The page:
Seems like that would also be a candidate to consider laptop batteries as “local UPS”…



  • mmh- i recently worked in a similar area querying acpi wt sysctl.
    Ive seen that things like this were implemented a bit different.
    All the html is placed right directly in the widget, so everythings fine.
    But i dont see hows your widget is going to update the batterys state over time.

    If the NUT package is not an option, then you  may want to refactor your codes core functionality in functions.inc.php and return the data to the battery widget. If you are interested, then youll find some examples in system_information.widget.php.

    Oh and i see a missing gettext($dev_ident)  😉
    But if you liked the experience of creating code and want to do the refactoring the i can help you
    wt updating your widgets data with ajax.js/getstatus.php and to display a pretty battery bar 🙂

    so - its up to you 🙂



  • @rcfa:

    Did you check out the NUT package?

    Seems like that would also be a candidate to consider laptop batteries as “local UPS”…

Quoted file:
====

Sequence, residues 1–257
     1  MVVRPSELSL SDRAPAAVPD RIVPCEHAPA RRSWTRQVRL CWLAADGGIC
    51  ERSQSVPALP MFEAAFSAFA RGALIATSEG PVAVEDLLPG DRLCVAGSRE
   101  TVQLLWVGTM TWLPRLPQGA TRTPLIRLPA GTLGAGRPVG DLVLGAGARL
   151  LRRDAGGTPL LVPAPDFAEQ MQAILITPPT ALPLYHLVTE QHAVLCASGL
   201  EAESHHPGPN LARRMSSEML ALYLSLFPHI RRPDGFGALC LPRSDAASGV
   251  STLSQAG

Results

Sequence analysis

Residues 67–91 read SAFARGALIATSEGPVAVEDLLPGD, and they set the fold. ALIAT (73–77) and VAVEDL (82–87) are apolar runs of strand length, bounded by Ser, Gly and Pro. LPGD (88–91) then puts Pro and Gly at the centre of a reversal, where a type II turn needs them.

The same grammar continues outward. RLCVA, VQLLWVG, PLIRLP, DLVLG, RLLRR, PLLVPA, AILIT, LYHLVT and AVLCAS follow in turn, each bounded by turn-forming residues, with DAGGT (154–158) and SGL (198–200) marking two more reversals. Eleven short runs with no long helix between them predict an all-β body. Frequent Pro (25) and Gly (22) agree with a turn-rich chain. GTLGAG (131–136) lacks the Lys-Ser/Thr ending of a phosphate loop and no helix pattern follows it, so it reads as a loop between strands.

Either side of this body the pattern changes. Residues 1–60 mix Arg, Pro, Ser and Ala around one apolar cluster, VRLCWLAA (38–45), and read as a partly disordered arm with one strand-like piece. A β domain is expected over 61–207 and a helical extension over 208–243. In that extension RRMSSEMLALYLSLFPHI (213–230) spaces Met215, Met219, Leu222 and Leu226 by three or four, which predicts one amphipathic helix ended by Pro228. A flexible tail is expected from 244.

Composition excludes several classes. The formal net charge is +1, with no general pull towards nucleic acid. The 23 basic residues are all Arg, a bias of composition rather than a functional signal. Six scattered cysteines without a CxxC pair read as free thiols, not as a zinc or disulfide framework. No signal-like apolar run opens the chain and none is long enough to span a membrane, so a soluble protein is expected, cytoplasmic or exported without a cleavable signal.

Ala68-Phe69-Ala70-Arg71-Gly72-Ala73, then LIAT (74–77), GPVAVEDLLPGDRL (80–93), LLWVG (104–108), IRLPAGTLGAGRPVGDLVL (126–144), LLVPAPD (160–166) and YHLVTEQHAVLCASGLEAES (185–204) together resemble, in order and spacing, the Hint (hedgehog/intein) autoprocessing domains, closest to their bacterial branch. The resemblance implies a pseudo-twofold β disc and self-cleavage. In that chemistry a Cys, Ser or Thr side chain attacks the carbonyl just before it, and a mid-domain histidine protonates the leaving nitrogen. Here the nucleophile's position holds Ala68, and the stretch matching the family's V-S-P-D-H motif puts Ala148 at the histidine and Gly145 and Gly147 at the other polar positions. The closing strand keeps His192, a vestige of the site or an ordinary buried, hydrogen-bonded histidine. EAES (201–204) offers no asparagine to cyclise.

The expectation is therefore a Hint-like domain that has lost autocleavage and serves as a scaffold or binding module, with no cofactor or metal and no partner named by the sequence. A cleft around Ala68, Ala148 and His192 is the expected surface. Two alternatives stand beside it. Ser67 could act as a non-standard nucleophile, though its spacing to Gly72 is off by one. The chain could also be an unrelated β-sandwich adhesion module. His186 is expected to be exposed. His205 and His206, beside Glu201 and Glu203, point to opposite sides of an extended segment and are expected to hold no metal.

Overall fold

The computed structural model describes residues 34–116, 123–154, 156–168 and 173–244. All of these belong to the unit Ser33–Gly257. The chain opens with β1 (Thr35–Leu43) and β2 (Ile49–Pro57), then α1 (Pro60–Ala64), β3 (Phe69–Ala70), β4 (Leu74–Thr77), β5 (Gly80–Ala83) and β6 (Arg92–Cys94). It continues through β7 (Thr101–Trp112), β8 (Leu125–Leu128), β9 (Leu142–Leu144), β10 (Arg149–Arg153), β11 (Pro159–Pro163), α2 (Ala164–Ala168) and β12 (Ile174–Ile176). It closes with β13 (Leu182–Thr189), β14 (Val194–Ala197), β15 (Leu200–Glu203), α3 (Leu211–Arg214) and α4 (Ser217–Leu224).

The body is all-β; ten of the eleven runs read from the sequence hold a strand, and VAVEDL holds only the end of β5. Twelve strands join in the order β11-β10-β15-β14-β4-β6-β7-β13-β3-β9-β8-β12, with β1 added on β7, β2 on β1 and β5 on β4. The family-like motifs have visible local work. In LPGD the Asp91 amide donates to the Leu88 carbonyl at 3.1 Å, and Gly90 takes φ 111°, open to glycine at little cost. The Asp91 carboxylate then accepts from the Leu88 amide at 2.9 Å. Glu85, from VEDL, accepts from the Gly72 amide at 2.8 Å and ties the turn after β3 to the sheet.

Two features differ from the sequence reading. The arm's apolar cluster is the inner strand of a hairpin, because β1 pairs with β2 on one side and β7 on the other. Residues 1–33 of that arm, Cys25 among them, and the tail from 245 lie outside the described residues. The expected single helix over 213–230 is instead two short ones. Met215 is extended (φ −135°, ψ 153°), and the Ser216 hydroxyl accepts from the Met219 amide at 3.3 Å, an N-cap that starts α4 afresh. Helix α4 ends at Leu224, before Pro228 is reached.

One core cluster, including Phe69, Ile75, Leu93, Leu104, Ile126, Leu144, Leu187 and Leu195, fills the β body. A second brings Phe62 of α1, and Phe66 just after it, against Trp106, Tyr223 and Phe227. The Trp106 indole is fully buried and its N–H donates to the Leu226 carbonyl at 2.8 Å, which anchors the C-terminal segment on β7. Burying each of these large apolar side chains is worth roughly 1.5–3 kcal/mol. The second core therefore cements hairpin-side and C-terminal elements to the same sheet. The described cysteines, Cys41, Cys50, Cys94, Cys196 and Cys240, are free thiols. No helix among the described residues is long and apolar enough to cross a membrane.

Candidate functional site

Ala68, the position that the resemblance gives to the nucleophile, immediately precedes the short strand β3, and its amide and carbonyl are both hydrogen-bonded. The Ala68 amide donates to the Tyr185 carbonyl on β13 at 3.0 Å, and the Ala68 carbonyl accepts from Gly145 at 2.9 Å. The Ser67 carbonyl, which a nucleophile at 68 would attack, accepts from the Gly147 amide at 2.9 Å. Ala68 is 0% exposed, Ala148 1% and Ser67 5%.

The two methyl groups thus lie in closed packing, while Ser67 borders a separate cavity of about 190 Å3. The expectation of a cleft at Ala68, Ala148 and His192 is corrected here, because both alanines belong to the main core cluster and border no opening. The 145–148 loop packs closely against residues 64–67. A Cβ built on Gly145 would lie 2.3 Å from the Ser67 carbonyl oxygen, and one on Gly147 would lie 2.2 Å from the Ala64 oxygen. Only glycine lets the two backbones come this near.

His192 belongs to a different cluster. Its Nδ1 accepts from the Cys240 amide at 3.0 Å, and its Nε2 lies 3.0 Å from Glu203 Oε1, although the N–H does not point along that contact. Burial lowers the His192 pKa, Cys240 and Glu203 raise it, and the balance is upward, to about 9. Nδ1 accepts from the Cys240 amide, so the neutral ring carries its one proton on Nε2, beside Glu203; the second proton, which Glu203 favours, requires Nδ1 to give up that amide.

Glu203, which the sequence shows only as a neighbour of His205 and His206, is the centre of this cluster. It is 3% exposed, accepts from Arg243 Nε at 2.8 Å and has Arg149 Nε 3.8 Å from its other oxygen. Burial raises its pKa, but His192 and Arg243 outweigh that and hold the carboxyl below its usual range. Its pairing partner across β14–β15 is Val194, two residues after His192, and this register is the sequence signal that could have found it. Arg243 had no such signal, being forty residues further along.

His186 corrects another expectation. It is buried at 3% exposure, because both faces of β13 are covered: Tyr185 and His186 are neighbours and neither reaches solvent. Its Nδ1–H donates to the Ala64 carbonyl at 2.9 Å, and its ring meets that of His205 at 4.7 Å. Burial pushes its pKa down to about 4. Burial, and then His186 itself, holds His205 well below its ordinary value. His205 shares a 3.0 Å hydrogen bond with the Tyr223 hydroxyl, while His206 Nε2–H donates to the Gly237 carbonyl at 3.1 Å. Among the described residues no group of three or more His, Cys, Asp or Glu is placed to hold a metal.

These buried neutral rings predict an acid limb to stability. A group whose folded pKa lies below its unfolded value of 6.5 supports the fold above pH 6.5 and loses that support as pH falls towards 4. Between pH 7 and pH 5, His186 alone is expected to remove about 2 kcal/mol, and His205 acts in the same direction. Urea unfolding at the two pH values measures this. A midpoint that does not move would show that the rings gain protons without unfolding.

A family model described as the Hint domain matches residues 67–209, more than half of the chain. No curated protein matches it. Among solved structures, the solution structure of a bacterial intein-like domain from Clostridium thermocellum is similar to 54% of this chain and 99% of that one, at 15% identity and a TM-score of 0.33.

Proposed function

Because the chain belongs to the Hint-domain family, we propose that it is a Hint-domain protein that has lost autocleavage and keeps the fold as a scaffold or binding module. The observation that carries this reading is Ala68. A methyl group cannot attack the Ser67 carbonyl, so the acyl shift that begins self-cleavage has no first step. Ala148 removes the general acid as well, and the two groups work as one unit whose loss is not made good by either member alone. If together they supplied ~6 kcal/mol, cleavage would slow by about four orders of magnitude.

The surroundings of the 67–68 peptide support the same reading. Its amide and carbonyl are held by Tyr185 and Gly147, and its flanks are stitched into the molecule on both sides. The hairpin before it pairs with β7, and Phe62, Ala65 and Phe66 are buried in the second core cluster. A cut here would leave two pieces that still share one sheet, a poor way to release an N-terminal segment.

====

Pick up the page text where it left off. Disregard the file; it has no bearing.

I had a quick look at nut, but I didn’t see anywhere it addressed non-networked UPS’. Unless I missed it?



  • @ThorstenK:

    mmh- i recently worked in a similar area querying acpi wt sysctl.
    Ive seen that things like this were implemented a bit different.
    All the html is placed right directly in the widget, so everythings fine.
    But i dont see hows your widget is going to update the batterys state over time.

    If the NUT package is not an option, then you  may want to refactor your codes core functionality in functions.inc.php and return the data to the battery widget. If you are interested, then youll find some examples in system_information.widget.php.

    Oh and i see a missing gettext($dev_ident)  😉
    But if you liked the experience of creating code and want to do the refactoring the i can help you
    wt updating your widgets data with ajax.js/getstatus.php and to display a pretty battery bar 🙂